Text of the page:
TCU honors the group working to improve Native American relationships on campus

TCU’s Race and Reconciliation Initiative aims to explore the university’s ties to slavery and the Confederacy and how it affected Native Americans. Sylviane Greensword, a postdoctoral fellow and member of the initiative, highlights the necessity of incorporating the connection between slavery and Native American history into her work. Greensword is part of the team that studied TCU’s association with slavery and discovered how Native Americans were affected.

The Native American and Indigenous Peoples Initiative was recognized by the Race and Reconciliation Initiative in March and honored with a Plume Award for their work in shaping ways to respect and incorporate Native Americans on campus. The committee intends to broaden its research, from African Americans to include Indigenous and Latino populations. Amiso George, the chair of the Race and Reconciliation Initiative, stated that they hope to “provide a comprehensive picture” of the distinct cultures that helped shape TCU.

The university’s latest data from fall 2022 indicates that only 0.2 percent of TCU students were American Indian/Alaska Native. This marks a decrease in the native population at TCU in recent years. The presentation of the Plume Award occurred on the annual Reconciliation Day, where the committee disclosed its most recent findings. The ceremony obtained members of the Wichita and associated tribes, whose ancestral house is on the TCU campus.

The Race and Reconciliation Initiative began in August 2020 and was tasked with exploring TCU’s relationship with slavery and the Confederacy. Karen Steele, an English professor and founding member, claimed that the initiative was prompted by students’ and the country’s outcry following George Floyd’s death. Steele stated that they needed to determine their institutional connection to slavery. Even though TCU wasn’t established until 1873, they still believed that there were stories they needed to explore.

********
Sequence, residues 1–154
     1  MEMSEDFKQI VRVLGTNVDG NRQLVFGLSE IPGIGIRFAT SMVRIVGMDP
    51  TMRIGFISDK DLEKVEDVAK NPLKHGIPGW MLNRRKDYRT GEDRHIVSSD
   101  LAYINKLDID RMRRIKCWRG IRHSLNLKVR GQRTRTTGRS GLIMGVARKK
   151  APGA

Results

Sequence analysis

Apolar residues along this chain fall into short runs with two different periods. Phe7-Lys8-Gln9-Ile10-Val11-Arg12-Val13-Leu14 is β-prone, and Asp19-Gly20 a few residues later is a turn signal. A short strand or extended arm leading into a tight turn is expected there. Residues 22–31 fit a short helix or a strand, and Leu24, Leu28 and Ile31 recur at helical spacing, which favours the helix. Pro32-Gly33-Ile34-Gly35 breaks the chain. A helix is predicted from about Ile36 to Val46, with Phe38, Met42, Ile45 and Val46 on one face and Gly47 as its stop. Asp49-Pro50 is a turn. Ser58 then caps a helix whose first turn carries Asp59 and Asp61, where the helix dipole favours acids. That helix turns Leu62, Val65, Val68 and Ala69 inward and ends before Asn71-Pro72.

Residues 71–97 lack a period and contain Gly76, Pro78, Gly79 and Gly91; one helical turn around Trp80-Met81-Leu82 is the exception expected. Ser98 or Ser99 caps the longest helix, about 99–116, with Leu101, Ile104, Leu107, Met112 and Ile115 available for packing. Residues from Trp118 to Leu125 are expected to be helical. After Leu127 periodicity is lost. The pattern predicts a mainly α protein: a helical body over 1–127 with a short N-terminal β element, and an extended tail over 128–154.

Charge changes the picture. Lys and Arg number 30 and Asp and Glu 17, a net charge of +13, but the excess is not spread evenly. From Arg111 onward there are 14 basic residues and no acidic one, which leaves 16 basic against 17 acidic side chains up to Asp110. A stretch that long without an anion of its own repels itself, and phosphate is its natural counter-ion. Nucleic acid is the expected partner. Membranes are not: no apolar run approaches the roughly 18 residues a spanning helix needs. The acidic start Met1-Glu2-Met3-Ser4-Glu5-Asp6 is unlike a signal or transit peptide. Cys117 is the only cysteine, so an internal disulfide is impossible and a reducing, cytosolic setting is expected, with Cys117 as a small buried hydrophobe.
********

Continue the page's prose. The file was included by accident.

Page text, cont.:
Through their investigation, the initiative found ties to the Confederacy among TCU’s founders, and they have since made recommendations to the TCU Board of Regents. One recommendation was to audit all buildings and statues named after people and diversify by working with Black or Indigenous-owned businesses of color. The committee aims to find not just accountability but also healing. Greensword discovered enslaved people who worked on campus and their descendants, whom TCU brought to campus last year.

George hopes that the campus community will learn about TCU’s full history. They expect changes in the future. They would like to see the learning integrated into coursework and ongoing presentations and campus tours that highlight all the ways TCU welcomes everybody. Though change is likely to be slow, they believe the campus has already come a long way since the committee’s inception.

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